Fossil Farms Ostrich Farm Highlighted in The New Jersey Herald
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Article - Tending to the Flock

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Tending to the Flock

ON THE JOB: A look at working in and around Sussex County

By Bruce A. Scruton
Originally published in The New Jersey Herald on February 25, 2008

group shot of Fossil Farms ostriches
Todd Appelbaum is an ostrich farmer in Andover Township. He raises the young ostrich for their meat, feathers, eggs and skin, which is made into boots.
Todd checks the ostriches
Todd Appelbaum walks the fence line as he checks on his flock.
ostriches near their shelter
There are about 150 breeding roosters and hens at Fossil Farms in Andover.

Photos by Kelly Hill - The New Jersey Herald

ANDOVER - While some farmers grow fruits and vegetables or milk cows, Todd Appelbaum's crop runs around on two legs, has stubby wings and lays an egg big enough to make an omelet for 20.

The also kick, hard.

On the hillside off Whitehall Road is Appelbaum's ostrich farm where, on an average day, you might see 700 to 800 of his birds running in the pastures.

Appelbaum, 36, who lives in Fredon, started the farm with his brother, Lance, owner of Fossil Farms, which sells farm-raised game and all-natural meats. While much of the game products Fossil Farms sells are raised by other companies, the ostriches are all Todd's.

"Lance takes care of the office. I get the fun job," said Appelbaum who spends most of his time tending to the flock.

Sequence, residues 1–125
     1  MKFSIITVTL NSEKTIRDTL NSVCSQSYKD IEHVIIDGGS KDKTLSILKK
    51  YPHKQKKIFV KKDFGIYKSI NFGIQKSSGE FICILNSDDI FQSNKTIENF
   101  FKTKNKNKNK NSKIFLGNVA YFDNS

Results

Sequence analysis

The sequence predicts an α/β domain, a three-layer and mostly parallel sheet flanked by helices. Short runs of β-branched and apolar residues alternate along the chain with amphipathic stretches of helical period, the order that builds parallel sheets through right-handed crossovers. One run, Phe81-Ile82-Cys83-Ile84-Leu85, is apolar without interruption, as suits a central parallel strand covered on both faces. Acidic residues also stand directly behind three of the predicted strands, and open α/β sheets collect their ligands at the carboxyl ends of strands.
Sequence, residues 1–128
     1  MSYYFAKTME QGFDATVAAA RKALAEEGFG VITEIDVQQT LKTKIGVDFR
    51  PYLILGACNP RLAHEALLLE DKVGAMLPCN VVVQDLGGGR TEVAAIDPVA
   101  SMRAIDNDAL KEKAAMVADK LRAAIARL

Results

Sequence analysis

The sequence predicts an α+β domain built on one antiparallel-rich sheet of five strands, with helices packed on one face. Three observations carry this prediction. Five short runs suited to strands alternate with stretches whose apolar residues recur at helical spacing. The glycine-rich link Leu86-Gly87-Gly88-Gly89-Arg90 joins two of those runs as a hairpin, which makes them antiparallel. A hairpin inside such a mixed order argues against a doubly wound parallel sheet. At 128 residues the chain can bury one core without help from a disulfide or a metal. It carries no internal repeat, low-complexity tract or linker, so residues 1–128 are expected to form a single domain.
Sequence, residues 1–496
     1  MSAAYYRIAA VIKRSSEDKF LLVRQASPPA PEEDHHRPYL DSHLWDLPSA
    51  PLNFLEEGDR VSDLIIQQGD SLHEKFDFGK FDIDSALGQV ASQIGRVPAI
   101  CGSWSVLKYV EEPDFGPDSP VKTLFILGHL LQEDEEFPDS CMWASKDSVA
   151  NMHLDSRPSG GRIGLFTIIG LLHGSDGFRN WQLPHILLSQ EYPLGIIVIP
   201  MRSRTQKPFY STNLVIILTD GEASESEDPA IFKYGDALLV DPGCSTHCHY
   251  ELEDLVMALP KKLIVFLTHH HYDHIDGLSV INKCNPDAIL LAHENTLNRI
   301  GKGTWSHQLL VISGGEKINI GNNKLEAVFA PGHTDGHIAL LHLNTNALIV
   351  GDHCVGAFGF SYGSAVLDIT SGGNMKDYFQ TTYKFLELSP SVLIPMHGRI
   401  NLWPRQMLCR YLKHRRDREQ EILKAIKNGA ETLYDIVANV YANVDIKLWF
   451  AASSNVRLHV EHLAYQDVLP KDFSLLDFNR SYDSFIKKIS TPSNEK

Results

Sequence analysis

I used to raise them when I lived in Pennsylvania, but could only do it part-time and on a small scale because of the commute," he added. "Three years ago, we moved over here, and it's become full-time.

While there is the financial side, as with most farmers, there is also a love of the land or, in this case, the product. As Appelbaum talks about his routine, which doesn't even include a day off, there is an excitement in his voice.

The birds are raised mainly for their meat, although part of the flock is kept as breeders. In the spring and summer months, the females lay their eggs, usually between 5 and 7:30 p.m., and usually on the ground in a depression dug by the male. Appelbaum makes an evening round to collect the eggs, then stores them until he gets a week's worth.

The eggs are incubated on the farm and the chicks raised until they are full-grown in just over a year. On average, a full-grown ostrich will be about 250 pounds and yields about 75 pounds of meat for human consumption.

And here he becomes a pitchman for his animals, as much as his product: "It's a very low far, high protein red meat. More and more people are becoming aware of the health benefits.

What doesn't go for sale to restaurants or through the farm's Internet site (, is sold to all-natural pet food manufacturers. The animals' hides are made into high-grade ostrich leather.

"We really can't keep up with the demand," he said. Plans for the immediate future call for an increase in production to where the farm is producing about 2,000 birds a year.

Appelbaum said there are about 40 ostrich farmers across the country, but only two others, one in Texas and one on the West Coast, as large as his operation. Most of the farmers, he said, are hobbyists, raising a handful for the fun of it.

"It's very interesting," he said. "It's a challenge but rewarding. And, really, they aren't very bright.

While the ostrich is native to the sourthern African plains, Appelbaum said the birds easily acclimate to northern New Jersey weather. "They like being outside, except when it gets icy or high winds. We have shelters (in the pastures) and on real bad weather days, we try to keep them inside."

And, he also doesn't worry much about predators. "I've heard coyotes around, but never seen them in the fields," he said. "I did spot a bear one day. He was running way with two males chasing him. I haven't seen the bear since."

images of ostriches
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